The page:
I am happy to report that much has been achieved during the last three years. In 2006 we set up a network of library organization with an interest in statistics (Samstat). All the major players partcipate, from the Norwegian Library Association to the trade unions that organize librarians. In 2009 we received a grant from ABM to conduct a statistical workshop lasting three full weeks: one in October, one in November and one in Februar 2010/11. Ten committed librarians participated. The graduates have later become statistical resource persons in their own libraries and regions.
The nineteen county libraries, which function as development units for the public library sector, are now supporting basic training in statistics. Samstat did two Statistics for Advocacy courses in 2011 and three more in the spring 2012. Additional courses are in the pipeline. Buskerud County Library organized a regional statistical network in 2011. This year the participating libraries are carrying out a series of standardized traffic observation studies. The surveys, based on methods developed by the present author, generate indicators designed for comparative use. All these activities reflect initiatives that come from below. We have no conflict with the center, however, and look forward to cooperate with all interested parties.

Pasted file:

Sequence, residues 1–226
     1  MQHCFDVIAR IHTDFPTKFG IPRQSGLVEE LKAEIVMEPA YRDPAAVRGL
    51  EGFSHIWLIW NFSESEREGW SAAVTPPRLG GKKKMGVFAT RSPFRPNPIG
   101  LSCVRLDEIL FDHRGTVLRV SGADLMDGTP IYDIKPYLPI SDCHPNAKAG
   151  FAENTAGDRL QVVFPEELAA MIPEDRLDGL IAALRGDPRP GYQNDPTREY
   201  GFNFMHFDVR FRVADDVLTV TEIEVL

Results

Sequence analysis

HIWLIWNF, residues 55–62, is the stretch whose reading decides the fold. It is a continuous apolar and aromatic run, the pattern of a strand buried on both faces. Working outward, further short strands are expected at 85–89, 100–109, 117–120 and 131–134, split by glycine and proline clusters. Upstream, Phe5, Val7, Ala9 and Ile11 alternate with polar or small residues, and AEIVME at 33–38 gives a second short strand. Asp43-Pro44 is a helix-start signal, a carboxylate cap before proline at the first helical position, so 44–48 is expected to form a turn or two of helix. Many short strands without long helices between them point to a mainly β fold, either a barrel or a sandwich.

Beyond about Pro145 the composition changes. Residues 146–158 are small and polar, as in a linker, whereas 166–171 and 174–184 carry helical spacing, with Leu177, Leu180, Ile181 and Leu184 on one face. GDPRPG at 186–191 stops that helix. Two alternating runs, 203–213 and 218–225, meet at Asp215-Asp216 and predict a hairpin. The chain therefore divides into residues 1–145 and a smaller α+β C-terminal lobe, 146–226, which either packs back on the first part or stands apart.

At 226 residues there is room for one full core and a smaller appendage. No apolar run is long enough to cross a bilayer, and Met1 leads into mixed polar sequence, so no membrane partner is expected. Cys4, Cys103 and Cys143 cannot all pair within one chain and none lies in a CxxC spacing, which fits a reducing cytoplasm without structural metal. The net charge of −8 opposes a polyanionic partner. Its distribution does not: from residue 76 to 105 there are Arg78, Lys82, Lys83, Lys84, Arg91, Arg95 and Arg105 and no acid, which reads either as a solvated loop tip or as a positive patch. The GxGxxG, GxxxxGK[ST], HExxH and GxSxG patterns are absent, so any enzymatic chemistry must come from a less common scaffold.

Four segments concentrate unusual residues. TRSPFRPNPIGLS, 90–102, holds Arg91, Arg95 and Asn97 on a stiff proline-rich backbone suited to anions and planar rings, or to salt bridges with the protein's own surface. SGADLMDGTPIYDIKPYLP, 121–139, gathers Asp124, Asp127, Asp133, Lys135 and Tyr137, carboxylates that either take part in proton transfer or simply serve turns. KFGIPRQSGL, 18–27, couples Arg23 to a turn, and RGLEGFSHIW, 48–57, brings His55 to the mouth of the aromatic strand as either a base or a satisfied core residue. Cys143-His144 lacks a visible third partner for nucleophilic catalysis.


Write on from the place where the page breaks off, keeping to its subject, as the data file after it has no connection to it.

Library statistics is clearly developing. In a global perspective there are many positive signs of growth. IFLA has taken a strong interest in statistics for advocacy and has adopted a statistical manifesto. In Germany, the library index BIX is well established both in the public and in the academic library sector. Libraries participate on a voluntary basis. But steady work with real data over many years has made an impact.